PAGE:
1. Issa D. Kamara
  2. Agriculture
  3. Sunday, 16 February 2020
One of the ways we can get rural people to engage in sustainable agriculture is through trainings - and given the level of education of these farmers, providing non formal trainings that are taught in the local languages of these them can be of huge benefits.
I have been trained as a facilitator to conduct trainings to these people. As a curious mind, I would like to network with people with huge experience in this area.
Accepted Answer Pending Moderation
Hi Issa D. Kamara

I have zero first-hand knowledge of farming.

But I do know a decent amount about education and training.

Following are some thoughts about training for people with lower education levels:

  1. As far as possible, the training should be practical, not theoretical.
  2. The students will learn much more by doing an activity with guidance from the instructor than by being lectured.
  3. When designing lessons, try to include opportunities for them to do learning activities in groups.
  4. When teaching, ask lots of concept-checking questions to gauge whether they truly understand the information.
  5. Any printed (or online) materials should include infographics that can be understood without reading the text.
  6. Regularly emphasise the practical benefits, especially financial, of adopting these new farming techniques.
  7. If possible, bring along a farmer who has already had success with these techniques. They are likely to believe him more than you. He might also be able to offer some practical insights that you are unaware of.
  8. Perhaps have peer support groups where they can meet once a month (or more often) to discuss issues.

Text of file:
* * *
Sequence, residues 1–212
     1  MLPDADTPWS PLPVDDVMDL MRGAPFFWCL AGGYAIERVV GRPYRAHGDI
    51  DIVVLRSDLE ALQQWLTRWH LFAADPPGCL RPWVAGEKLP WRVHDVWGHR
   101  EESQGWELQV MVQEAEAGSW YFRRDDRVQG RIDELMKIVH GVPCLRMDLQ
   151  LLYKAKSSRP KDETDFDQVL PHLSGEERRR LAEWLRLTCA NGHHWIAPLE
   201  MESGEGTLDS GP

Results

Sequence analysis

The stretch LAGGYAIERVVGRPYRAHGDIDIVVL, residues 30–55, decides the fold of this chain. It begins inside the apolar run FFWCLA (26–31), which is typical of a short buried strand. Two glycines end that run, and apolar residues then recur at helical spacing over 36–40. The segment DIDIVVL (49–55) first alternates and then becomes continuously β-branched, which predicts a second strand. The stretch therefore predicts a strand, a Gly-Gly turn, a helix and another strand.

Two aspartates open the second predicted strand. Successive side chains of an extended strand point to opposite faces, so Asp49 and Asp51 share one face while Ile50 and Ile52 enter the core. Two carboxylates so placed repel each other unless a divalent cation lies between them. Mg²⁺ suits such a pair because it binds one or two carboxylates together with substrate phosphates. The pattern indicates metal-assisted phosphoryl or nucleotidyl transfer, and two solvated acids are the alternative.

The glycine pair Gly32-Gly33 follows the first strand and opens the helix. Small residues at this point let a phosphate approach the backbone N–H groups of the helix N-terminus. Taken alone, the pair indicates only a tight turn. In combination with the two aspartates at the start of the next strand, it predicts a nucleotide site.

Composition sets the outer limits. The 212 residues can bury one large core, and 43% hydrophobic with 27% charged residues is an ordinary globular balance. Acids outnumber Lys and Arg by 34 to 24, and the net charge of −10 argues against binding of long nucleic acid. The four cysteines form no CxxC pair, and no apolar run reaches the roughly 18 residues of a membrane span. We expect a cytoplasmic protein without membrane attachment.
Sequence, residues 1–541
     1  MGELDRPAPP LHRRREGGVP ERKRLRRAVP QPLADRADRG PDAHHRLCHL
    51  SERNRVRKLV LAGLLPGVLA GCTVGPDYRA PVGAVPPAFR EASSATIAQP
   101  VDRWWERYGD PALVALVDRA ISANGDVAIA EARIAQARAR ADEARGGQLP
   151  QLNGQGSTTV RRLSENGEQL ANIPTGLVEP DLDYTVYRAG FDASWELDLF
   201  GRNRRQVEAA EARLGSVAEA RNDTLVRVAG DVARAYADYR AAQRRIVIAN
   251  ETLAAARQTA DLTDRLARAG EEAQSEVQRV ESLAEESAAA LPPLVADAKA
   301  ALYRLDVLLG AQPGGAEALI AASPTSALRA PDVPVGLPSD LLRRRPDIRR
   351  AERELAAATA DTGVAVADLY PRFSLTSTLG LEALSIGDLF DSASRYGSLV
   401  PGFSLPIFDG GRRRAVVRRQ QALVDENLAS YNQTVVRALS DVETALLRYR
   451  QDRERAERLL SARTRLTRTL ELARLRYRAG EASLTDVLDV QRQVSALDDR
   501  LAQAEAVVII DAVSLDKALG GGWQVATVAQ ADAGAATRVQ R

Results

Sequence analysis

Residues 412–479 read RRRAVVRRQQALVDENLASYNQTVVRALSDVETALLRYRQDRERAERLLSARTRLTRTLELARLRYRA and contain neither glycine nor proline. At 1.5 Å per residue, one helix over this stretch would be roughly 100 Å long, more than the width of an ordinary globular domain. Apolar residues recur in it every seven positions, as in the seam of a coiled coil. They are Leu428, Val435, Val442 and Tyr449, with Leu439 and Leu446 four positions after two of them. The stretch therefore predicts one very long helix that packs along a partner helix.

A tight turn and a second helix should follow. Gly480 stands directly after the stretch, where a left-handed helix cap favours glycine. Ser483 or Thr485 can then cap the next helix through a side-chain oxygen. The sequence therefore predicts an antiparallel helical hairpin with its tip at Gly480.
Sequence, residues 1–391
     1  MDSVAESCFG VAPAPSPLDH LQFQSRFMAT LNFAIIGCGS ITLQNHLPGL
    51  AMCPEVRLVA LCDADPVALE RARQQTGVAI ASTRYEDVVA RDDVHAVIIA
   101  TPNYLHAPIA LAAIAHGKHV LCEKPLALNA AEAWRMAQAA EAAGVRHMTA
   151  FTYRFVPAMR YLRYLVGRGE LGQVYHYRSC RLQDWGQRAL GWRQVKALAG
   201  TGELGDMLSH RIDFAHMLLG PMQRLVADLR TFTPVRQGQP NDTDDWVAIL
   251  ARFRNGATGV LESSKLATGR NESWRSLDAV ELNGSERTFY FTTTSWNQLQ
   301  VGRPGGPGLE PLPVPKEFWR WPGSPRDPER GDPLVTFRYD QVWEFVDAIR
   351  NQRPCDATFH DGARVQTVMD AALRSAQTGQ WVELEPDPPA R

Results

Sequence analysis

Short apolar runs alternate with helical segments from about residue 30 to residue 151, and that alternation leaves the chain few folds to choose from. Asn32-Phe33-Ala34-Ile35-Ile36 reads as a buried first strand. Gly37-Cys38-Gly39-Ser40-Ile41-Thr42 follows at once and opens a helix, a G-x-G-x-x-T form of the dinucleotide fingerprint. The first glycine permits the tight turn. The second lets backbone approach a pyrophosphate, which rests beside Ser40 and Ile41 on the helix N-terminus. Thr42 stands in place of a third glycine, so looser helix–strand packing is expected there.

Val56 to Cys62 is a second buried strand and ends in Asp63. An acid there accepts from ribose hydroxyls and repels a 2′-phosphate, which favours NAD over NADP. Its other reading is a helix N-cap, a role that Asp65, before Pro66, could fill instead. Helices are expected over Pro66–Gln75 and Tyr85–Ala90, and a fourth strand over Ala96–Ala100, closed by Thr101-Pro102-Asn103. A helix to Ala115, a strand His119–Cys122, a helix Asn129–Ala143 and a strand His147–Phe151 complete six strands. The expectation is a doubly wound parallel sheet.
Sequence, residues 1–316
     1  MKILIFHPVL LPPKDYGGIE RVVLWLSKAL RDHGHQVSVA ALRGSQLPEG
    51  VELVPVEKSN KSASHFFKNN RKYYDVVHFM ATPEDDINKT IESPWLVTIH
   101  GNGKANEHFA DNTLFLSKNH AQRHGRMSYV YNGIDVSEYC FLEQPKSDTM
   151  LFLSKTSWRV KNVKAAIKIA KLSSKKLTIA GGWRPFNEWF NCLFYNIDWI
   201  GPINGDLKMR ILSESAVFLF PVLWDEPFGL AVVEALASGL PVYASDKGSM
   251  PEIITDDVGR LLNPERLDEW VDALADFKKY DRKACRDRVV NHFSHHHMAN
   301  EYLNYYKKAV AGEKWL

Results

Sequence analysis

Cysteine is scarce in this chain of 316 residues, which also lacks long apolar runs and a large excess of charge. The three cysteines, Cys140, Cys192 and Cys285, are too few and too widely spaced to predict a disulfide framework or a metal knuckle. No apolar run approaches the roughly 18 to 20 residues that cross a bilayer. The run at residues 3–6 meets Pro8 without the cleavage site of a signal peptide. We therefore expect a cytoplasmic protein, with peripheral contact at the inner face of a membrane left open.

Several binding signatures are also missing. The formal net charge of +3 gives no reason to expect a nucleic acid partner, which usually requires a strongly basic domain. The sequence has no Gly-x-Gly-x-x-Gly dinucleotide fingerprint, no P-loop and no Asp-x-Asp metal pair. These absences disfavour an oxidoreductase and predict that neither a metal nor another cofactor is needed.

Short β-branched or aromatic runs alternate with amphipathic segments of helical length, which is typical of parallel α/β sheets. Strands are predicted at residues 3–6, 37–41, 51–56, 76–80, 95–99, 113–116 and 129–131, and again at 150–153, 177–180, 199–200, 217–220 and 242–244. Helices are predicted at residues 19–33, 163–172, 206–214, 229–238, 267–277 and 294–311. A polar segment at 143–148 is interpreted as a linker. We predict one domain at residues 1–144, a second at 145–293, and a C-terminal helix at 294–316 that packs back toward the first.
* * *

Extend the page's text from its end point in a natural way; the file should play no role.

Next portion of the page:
9. Would most of the farmers have smart phones? If so, you could setup a WhatsApp group (or similar) where they can ask questions, discuss issues, and provide moral support to each other. Of course you, and other educators, could be involved in this group (or groups).

Hopefully at least some of the comments above will be helpful :)
Adam Thyer, Founder at GreenExecutive
  1. more than a month ago
  2. Agriculture
  3. # 1
Accepted Answer Pending Moderation
  1. more than a month ago
  2. Agriculture
  3. # 2
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I agree with what Adam has written above.

I would only add that it is important to understand the working environment and ecosystems surrounding those you are training as if you say something which contradicts what they ‘just know to be so’ too early it can ruin your credibility and make it difficult to regain their respect.

I do not have any experience of working in Africa but Allan Savory, whose training and methods I follow, started his work in Zimbabwe and has now started the Africa Centre for Holistic Management https://www.africacentreforholisticmanagement.org/about-us.php where they have developed teaching methods to work in the environment you describe and although the farming systems may be very different from yours I am sure the decision making framework and teaching tools would be valuable.
  1. more than a month ago
  2. Agriculture
  3. # 3
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